Study protocol of the Healthy High School study: a school-based intervention to improve well-being among high school students in Denmark

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Abstract

BACKGROUND: The prevalence of low well-being, perceived stress and unhealthy behaviours is high among high school students, but few interventions have addressed these problems. The aim of this paper is to present a study protocol of a cluster randomised controlled trial evaluating the Healthy High School (HHS) intervention programme. The intervention programme is designed to improve well-being (primary outcome) by preventing 1) stress and promoting 2) sleep, 3) sense of community, 4) physical activity (PA) and 5) regular and healthy meals among high school students in Denmark.

METHODS: The development of the HHS study was guided by the Intervention Mapping protocol. The intervention comprises four components: 1) a teaching material, 2) a smartphone app, 3) a catalogue focusing on environmental changes, and 4) a peer-led innovation workshop aiming at inspiring students to initiate and participate in various movement activities. The HHS study employs a cluster-randomised controlled trial design. Thirty-one high schools across Denmark were randomly allocated to intervention (16 schools) or control (15 schools) groups. The study included all first-year students (~ 16 years of age) (n = 5976 students). Timeline: Intervention: August 2016 - June 2017. Collection of questionnaire data: Baseline (August 2016), 1st follow-up (May 2017) and 2nd follow-up (April 2018). All students were invited to participate in a monthly sub-study about perceived stress using text messages for data collection (September 2016 - June 2017). PA was objectively assessed among a sub-sample of students using accelerometers (Axivity, AX3) in August 2016 and May 2017.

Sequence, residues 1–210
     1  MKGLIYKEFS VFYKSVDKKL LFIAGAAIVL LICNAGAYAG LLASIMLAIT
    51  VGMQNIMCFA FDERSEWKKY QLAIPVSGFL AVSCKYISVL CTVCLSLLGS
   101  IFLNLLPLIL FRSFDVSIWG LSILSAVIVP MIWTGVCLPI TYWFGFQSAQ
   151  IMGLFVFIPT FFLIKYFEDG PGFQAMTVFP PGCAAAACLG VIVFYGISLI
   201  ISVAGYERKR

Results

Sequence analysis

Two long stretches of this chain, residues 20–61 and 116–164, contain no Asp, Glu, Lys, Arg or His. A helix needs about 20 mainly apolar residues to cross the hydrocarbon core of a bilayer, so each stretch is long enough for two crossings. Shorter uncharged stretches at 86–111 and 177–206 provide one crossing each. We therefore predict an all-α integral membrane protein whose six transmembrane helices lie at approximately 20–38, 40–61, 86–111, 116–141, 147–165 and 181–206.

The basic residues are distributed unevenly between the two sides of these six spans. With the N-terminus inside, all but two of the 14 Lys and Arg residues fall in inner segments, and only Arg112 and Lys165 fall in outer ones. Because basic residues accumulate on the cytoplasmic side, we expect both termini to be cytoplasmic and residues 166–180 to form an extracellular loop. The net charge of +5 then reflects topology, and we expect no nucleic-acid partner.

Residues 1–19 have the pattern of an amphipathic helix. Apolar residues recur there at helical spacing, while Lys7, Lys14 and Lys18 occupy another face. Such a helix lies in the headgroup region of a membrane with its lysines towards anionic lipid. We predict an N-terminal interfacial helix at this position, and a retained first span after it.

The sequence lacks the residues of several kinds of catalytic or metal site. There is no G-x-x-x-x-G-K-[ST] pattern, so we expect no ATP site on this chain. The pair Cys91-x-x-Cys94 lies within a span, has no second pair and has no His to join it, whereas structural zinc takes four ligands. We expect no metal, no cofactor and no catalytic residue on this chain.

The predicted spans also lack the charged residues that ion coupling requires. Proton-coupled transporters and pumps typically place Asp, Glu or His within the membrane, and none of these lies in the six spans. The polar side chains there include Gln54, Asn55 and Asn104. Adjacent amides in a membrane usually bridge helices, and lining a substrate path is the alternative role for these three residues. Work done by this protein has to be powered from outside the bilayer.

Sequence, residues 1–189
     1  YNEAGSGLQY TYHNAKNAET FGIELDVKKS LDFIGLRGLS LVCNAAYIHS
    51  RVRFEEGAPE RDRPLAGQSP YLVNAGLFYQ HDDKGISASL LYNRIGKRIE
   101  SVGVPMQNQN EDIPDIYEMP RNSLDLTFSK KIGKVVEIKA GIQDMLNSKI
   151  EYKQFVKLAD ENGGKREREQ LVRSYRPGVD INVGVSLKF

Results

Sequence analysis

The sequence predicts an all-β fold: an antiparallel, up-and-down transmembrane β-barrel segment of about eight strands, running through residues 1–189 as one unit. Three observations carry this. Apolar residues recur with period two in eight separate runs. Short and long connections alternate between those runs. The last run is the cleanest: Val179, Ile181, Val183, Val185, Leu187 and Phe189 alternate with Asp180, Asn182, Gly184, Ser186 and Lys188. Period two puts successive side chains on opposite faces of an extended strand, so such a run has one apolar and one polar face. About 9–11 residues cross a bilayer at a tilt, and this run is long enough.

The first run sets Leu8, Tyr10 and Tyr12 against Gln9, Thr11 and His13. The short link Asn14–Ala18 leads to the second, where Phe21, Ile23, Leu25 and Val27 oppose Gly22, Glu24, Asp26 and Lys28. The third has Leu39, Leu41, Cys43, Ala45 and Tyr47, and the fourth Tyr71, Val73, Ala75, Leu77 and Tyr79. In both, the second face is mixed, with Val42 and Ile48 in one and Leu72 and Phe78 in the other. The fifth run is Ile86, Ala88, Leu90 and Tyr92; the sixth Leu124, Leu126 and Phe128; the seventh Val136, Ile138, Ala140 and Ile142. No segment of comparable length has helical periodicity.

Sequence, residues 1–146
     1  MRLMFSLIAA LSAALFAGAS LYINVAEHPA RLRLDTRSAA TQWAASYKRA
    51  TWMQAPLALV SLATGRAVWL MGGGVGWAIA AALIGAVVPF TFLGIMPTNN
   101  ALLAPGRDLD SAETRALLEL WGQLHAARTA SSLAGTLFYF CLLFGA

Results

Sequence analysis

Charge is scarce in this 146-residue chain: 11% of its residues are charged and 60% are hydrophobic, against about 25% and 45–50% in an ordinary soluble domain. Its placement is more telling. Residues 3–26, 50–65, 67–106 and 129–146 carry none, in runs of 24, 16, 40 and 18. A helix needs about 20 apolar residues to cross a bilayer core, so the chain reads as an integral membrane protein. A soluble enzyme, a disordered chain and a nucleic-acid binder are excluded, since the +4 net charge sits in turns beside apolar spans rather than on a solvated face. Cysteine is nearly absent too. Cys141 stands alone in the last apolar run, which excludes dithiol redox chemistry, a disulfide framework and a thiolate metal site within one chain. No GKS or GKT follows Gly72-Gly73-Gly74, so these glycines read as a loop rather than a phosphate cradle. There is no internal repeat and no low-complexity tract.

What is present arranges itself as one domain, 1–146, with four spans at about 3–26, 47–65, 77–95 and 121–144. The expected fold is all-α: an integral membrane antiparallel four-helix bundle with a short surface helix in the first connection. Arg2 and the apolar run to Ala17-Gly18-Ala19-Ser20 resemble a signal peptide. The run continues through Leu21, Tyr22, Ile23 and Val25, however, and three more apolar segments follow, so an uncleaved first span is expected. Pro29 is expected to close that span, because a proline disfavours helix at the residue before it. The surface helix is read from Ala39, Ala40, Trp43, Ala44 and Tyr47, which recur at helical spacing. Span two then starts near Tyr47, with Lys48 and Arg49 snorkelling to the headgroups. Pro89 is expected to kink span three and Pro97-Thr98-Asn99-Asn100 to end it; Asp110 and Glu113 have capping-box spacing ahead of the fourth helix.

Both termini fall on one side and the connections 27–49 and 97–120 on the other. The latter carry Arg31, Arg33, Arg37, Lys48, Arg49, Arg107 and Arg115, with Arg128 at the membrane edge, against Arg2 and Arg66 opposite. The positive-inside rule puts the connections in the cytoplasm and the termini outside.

PRIMARY OUTCOME MEASURES: Student well-being measured by the Cantril Ladder and the five item World Health Organisation Well-being Index (individual level outcomes).

SECONDARY OUTCOME MEASURES: Stress (10-item Perceived Stress Scale), sleep (quantity and quality), PA (hours of moderate-to-vigorous PA per week, hours of daily sedentary time and average daily PA), meal habits (daily intake of breakfast, lunch, snacks and water), and strong sense of community in class and at school, respectively (individual level outcomes). The study encompasses process and effect evaluation as well as health economic analyses.

TRIAL REGISTRATION: ISRCTN ISRCTN43284296, 28 April 2017, retrospectively registered.

Original languageEnglish
Article number95
JournalBMC Public Health
Volume20
Issue number1
Number of pages16
ISSN1471-2458
DOIs
Publication statusPublished - 22. Jan 2020

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